Health officials report case of tuberculosis at Long Island middle school

COPIAGUE, Long Island (WABC) -- Health officials on Long Island revealed Monday that a member of the school community has been diagnosed with tuberculosis.

The Suffolk County Department of Health Services informed the Copiague Middle School Community that an individual who is part of the school community is presently receiving treatment for tuberculosis. It is unclear if the patient is a student or an adult.

Because the privacy of patients is carefully safeguarded under New York State Public Health Law, no further information about the individual will be disclosed.

Tuberculosis is a disease caused by a germ called Mycobacterium tuberculosis that is spread from person to person through the air. TB usually affects the lungs, but it can also affect other parts of the body, such as the brain, the kidneys, or the spine. However, not everyone infected with TB bacteria becomes sick. As a result, two TB-related conditions exist: latent TB infection and TB disease.

Persons with latent TB infection do not feel sick and do not have any symptoms. They are infected with M. tuberculosis, but do not have TB disease. The only sign of TB infection is a positive reaction to the tuberculin skin test or TB blood test. Persons with latent TB infection are not infectious and cannot spread TB infection to others. In some people, TB bacteria overcome the defenses of the immune system and begin to multiply, resulting in the progression from latent TB infection to TB disease.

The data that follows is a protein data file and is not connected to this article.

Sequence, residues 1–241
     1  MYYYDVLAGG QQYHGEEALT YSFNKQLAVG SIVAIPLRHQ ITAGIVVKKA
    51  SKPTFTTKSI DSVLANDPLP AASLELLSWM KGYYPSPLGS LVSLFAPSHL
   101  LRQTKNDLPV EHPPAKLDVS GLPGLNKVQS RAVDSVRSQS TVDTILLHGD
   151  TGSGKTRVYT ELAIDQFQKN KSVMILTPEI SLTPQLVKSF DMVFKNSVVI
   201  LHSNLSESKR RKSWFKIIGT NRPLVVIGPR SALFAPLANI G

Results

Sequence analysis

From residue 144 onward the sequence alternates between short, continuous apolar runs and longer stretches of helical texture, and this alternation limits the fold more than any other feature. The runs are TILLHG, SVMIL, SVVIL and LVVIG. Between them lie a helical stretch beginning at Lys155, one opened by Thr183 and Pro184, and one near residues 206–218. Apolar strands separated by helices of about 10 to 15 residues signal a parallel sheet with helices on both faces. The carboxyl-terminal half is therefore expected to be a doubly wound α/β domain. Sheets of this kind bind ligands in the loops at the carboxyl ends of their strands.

Suffolk County reported 25 cases of tuberculosis disease to the New York State Department of Health in 2018. CLICK HERE for more information on tuberculosis.

Health officials have scheduled a meeting to address concerns about a tuberculosis scare at 5:30 p.m. Tuesday at Copaigue Middle School.

The health department is working closely with the Copiague School District administration and the New York State Department of Health, Bureau of Tuberculosis Control to identify students and staff who have been in close and prolonged contact with the individual.

Those individuals and/or their parents have been notified by the school with further information about recommended testing. The affected individual is no longer at school; therefore, there is no further risk of transmission.

Only individuals who have close and prolonged contact with an infectious person are at risk for contracting tuberculosis. Suffolk County Health Commissioner Dr. James Tomarken emphasized that tuberculosis is NOT spread by shaking someone's hand, sharing food or drink, touching bed linens or toilet seats, sharing toothbrushes or kissing.

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